E-learning, ethics and 'non-traditional' students: space to think aloud.
Ethics and Social Welfare, 6(4) pp. 386–402.
This paper considers the piloting of an online learning component of a final-year social work degree ethics module at an inner-city English university. An Action Research approach was used to evaluate this pilot project and the paper illustrates how students were involved in developing and designing the teaching programme as part of the Action Research cycle. The paper explores theoretical aspects of e-learning pedagogy through an analysis of issues emerging during the planning and delivery of this pilot project. The cognitive and affective impact of both face-to-face and electronic learning is discussed. It is suggested that some students may experience e-learning as a safe space for thinking about ethical dilemmas. The challenges for teachers and learners are highlighted and the author argues that in order to support student learning, online teaching needs to be carefully designed and appropriately resourced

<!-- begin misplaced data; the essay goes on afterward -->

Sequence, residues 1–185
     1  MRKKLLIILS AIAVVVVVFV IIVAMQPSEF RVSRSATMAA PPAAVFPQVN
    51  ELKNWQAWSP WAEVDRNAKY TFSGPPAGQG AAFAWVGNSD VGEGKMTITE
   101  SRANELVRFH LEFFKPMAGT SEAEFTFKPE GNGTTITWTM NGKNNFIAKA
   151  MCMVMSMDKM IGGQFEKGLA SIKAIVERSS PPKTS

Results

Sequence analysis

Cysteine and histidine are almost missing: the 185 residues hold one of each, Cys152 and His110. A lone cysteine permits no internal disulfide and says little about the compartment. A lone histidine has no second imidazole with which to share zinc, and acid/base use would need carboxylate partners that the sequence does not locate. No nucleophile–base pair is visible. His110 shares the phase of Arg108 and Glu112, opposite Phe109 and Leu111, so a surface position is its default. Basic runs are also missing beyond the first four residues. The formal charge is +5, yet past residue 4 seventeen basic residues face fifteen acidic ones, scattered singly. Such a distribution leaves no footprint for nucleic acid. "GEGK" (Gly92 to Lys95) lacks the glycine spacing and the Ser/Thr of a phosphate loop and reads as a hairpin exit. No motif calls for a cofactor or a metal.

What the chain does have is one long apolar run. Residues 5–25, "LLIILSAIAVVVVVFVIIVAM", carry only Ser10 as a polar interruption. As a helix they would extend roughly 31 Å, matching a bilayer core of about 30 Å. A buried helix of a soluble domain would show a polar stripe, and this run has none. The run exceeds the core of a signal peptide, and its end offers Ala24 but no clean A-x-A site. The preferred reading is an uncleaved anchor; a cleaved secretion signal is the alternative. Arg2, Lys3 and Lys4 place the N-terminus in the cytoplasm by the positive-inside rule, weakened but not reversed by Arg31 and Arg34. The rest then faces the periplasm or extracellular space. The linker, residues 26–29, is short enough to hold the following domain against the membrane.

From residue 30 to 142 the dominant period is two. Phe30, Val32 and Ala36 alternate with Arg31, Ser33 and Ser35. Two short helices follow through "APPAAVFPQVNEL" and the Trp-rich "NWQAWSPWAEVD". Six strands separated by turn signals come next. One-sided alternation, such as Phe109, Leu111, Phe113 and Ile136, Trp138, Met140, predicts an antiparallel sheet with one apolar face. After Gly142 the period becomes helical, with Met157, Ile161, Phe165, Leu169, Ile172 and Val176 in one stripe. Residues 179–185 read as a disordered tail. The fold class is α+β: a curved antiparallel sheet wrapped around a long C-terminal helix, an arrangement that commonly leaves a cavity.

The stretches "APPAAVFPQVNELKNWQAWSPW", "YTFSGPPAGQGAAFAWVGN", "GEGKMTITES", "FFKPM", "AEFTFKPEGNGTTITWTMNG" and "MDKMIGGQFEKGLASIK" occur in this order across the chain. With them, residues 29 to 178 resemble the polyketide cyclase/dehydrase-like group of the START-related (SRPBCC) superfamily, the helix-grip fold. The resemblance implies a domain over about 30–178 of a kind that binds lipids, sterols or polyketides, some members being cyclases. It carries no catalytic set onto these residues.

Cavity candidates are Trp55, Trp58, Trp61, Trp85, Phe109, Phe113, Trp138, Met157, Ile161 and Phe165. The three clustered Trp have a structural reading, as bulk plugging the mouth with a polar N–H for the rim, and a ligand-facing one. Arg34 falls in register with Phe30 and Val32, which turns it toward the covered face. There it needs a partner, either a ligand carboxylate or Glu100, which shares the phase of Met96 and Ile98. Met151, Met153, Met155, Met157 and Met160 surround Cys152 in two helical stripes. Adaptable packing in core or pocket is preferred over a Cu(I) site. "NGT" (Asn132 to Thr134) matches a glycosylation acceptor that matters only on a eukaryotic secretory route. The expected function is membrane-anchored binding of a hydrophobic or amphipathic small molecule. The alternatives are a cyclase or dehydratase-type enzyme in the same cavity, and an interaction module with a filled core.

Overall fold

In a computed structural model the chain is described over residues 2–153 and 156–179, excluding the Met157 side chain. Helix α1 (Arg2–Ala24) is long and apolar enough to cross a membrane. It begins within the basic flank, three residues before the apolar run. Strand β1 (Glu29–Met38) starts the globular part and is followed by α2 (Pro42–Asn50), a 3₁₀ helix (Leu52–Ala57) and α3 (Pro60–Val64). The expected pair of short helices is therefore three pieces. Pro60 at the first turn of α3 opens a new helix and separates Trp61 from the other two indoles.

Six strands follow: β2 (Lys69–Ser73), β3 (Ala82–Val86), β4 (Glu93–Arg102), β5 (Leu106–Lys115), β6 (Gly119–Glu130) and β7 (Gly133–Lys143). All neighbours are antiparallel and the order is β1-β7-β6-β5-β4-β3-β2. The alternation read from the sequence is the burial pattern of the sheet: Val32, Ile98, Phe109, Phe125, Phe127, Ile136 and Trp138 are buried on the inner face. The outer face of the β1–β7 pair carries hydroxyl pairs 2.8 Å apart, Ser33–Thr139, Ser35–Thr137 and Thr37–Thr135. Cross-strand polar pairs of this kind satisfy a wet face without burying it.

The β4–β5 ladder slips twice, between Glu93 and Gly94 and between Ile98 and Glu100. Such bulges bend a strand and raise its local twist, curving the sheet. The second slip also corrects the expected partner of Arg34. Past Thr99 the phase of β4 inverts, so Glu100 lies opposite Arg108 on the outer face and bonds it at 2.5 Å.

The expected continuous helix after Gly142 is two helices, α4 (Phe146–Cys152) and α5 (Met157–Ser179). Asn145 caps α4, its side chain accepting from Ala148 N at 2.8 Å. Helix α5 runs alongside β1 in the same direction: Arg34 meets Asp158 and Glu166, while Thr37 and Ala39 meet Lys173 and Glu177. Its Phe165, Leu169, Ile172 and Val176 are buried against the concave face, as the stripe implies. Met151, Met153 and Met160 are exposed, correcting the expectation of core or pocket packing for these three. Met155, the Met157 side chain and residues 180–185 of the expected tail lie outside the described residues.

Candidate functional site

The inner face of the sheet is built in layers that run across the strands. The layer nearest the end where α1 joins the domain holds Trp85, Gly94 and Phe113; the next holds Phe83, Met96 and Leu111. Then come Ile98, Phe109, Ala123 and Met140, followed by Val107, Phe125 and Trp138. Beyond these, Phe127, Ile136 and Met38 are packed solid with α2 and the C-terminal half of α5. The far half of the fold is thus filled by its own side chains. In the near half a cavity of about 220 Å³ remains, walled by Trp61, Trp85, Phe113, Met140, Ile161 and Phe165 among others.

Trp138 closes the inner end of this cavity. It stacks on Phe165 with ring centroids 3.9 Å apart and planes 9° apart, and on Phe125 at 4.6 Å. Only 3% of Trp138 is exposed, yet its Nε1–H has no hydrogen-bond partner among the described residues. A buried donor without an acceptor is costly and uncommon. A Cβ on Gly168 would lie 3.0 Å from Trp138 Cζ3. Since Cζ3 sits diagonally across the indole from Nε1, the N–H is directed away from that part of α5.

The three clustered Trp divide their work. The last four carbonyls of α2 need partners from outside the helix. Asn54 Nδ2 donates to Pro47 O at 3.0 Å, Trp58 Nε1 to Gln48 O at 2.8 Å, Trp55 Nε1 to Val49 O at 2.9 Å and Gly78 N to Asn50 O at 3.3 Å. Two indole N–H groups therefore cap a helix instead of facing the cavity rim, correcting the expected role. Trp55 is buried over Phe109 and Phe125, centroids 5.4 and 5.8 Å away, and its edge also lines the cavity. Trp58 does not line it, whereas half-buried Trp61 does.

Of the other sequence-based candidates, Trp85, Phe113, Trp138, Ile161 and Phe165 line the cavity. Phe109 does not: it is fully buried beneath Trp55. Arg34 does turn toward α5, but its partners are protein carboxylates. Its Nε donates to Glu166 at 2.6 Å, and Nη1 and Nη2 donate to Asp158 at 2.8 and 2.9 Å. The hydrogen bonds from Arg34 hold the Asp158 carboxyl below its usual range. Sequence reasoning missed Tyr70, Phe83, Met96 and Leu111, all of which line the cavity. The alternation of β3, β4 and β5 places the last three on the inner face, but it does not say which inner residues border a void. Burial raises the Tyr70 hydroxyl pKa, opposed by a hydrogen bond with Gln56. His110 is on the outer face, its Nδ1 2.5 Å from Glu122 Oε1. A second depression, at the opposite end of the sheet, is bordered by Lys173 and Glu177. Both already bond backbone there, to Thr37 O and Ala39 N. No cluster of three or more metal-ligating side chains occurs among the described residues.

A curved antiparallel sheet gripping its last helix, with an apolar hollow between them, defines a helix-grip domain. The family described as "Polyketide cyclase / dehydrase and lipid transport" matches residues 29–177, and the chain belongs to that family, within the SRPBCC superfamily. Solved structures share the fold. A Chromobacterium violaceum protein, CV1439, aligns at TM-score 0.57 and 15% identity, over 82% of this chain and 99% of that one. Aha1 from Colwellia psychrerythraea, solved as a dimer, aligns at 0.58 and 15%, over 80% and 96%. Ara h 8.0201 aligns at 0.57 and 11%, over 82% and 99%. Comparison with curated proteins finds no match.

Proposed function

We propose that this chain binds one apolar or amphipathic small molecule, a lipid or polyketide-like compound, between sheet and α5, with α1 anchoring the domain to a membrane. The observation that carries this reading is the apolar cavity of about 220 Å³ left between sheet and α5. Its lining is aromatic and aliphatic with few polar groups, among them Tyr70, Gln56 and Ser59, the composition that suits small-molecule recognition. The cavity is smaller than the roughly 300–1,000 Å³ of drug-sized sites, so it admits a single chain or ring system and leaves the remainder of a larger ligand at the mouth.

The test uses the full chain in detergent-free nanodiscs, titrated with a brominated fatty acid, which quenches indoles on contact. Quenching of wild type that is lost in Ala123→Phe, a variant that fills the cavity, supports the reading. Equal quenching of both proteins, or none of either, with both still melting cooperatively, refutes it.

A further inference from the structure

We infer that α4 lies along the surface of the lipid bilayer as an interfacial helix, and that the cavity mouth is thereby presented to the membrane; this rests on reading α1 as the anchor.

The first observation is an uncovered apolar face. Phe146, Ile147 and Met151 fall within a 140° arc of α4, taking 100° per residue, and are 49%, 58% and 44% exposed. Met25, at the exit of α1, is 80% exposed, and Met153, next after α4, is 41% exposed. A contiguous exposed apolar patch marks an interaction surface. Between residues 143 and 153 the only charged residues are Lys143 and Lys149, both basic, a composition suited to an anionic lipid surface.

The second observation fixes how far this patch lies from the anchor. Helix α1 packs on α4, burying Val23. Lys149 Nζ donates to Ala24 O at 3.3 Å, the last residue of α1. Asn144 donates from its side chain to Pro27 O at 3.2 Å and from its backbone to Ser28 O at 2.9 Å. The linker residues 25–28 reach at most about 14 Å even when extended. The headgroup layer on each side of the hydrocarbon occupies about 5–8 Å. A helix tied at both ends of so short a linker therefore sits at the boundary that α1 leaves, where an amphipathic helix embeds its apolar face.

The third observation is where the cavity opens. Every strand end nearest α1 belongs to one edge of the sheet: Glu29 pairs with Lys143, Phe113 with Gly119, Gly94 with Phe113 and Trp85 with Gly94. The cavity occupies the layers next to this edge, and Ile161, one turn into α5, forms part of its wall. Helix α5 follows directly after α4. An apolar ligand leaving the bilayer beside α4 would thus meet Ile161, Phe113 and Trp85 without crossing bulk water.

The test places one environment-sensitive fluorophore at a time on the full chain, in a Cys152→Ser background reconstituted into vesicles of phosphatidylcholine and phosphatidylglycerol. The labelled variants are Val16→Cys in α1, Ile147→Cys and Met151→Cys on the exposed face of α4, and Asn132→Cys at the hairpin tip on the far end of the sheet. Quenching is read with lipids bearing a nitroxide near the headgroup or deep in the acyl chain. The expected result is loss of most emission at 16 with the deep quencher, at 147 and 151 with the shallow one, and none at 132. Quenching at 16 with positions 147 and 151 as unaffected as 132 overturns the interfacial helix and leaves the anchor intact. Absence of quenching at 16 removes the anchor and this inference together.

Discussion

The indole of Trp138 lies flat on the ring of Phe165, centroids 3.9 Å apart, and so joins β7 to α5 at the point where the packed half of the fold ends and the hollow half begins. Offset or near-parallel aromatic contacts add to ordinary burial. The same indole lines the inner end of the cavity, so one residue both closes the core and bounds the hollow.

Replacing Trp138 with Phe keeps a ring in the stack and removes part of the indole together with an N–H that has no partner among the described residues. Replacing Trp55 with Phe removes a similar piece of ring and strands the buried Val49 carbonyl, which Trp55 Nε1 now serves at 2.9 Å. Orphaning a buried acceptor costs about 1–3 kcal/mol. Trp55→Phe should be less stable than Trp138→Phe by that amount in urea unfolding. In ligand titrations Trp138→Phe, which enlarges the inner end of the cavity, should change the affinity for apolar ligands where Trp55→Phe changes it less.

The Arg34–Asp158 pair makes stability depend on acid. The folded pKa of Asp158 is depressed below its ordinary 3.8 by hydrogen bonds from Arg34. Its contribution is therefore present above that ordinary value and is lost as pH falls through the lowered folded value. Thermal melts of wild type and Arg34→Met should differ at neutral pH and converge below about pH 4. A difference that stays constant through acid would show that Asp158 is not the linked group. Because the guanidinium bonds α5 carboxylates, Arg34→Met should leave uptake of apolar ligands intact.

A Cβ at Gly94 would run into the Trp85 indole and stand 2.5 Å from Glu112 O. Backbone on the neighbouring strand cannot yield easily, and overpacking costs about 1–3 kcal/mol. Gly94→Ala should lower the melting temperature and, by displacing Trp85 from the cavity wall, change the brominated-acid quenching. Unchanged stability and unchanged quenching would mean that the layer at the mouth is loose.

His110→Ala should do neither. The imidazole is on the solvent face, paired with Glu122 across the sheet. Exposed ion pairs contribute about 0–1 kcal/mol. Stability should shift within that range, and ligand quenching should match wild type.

Actions (login may be required)